Mike Macnair and the CPGB; The Second International, not the Third

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02/12/2020 by socialistfight

With apologies to the Kantian-priestly, Quakers and vegetarians!
 

Mike Macnair has clarified his political stance and answer my question, what it means? in the last of his replies to Neil Faulkner, Break with managerialism (WW 29 October) and in his reply to me Bolshevik errors (letters, WW 5 November). These articles forthrightly embrace the politics of the Second International and reject the Third, arguing they are essentially the same theoretically and ideologically and the final failure of the methodology of the Russian Revolution (a badly built bridge, he tells us) was essentially down to the errors of Lenin and Trotsky in not following the teachings of Karl Kautsky. Like Kautsky, Mike’s analyses are objectivist to the core. We could not have had a socialist revolution after WWII because the time was not right for it, the mas murder of the revolutionary Trotskyists by the collaboration between the Nazis, imperialists and Stalinists had nothing to do with these defeats. History would have found a way irrespective of a dead leadership!

 Instead we must revert to the mechanical objectivism of the Second with no need to link the everyday struggle for reforms in wages and conditions with the ultimate aim of overthrowing capitalism. A minimum programme will do fine, as distinct from a ‘minimal’ one of only reforming capitalism and no need at all to bother with a maximum programme, it would come along when the time was ripe and present itself to us on a plate.

And the betrayal of German KPD on 4 August 1914 was not so bad because the best elements of the SPD went on to provide “the cadre and leadership of the German communist movement”.  And they then led the German socialist revolution to victory, did they? No, as Trotsky tells us in The First Five years of the Communist International, when the hour for revolution struck in 1923 the failure lay wholly in “a failure of tactics and not in objective conditions”. That central problem for Marxism was unsolved; between the subject and the object; when objective conditions for revolution struck in mid-1923 the Kautsky-educated KPD revolutionaries failed, whereas on 7 October 1917, exactly 103 years ago as I write this, the Lenin educated-in-dialectical-materialism Bolsheviks succeeded, despite strong opposition for Kamenev and Zinoviev and no assistance from Stalin. And only Lenin could have won that crucial battle in the Central Committee, Trotsky strongly assisted but alone he lacked the authority because of his history of anti-Bolshevism. Had the Provisional government succeeded in assassinating Lenin after the July days of 1917, as they attempted, them the Russian Revolution would have been lost. How’s that for a great man theory of history? Only it isn’t a ‘great man’ theory; it’s “a great revolutionary person, leading a great revolutionary party” theory of socialist revolution.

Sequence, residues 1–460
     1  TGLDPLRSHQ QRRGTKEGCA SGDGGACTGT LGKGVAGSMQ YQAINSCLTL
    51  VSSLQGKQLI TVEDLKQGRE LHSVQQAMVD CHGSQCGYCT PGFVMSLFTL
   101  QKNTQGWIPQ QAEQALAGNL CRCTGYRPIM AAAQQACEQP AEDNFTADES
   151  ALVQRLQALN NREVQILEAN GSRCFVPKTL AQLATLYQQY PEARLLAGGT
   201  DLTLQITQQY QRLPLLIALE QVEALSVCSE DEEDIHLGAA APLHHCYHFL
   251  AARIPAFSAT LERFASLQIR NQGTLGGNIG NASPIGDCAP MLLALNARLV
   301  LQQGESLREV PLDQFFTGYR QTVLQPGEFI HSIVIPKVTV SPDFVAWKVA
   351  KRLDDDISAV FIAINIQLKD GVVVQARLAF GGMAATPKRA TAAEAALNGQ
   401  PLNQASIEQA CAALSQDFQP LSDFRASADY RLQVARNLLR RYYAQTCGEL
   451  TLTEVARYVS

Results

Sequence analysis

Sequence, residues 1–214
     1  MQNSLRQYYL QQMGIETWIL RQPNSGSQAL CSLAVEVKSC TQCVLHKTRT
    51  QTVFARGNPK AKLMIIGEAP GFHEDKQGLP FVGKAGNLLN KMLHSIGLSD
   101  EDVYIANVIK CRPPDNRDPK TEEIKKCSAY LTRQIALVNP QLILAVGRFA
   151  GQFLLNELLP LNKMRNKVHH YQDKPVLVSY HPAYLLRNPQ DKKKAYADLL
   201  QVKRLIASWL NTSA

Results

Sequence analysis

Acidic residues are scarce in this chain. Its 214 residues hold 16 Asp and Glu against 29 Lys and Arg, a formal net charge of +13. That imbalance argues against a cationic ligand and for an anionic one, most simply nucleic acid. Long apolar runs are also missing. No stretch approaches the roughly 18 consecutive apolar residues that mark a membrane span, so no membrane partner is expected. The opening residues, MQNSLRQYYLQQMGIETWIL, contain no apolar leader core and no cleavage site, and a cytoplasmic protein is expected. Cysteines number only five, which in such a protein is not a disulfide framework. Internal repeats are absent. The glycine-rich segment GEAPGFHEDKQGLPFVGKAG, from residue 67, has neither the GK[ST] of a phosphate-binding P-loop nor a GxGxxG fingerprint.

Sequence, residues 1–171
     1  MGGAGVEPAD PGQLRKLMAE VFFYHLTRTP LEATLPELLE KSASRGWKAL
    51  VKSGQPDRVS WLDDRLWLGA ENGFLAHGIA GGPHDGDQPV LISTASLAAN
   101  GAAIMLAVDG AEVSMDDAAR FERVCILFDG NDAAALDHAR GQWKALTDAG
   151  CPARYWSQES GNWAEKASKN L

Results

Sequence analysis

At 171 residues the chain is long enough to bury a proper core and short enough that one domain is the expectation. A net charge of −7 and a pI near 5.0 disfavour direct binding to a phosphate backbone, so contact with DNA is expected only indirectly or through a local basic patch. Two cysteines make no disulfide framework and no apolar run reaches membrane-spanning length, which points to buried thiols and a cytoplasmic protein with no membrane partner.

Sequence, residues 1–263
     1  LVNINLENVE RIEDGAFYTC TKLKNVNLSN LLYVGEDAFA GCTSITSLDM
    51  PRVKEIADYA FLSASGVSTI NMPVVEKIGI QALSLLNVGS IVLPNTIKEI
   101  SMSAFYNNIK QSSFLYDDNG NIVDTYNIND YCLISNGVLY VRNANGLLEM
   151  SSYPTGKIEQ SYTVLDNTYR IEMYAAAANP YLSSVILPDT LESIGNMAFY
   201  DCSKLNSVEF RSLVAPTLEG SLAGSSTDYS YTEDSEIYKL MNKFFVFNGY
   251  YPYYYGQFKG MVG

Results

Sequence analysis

Mike writes:

“The possibility exists of reclaiming hope. But to do so involves thinking about the tasks of party organisation in terms of political action, not of Bakunin’s ‘invisible dictatorship’ guiding direct-action movements. It involves the idea of a formal party programme and rules, and taking these seriously (as Lenin, contrary to common interpretations, did) as opposed to the mysteries of Lassallean, Cliffite, Matgamnaite ‘revolutionary theory’ or ‘the whole record of the group’. It involves open recognition that the decisions of 1919-21 were actually mistakes, and ones to which Lenin and Trotsky were parties. And it involves aspiring to the Second International in its strongest aspects, which is also the Bolsheviks of 1917 and the early Third International, not to repeating the same mistakes and thereby copying bureaucratic managerialism.” (Break with managerialism)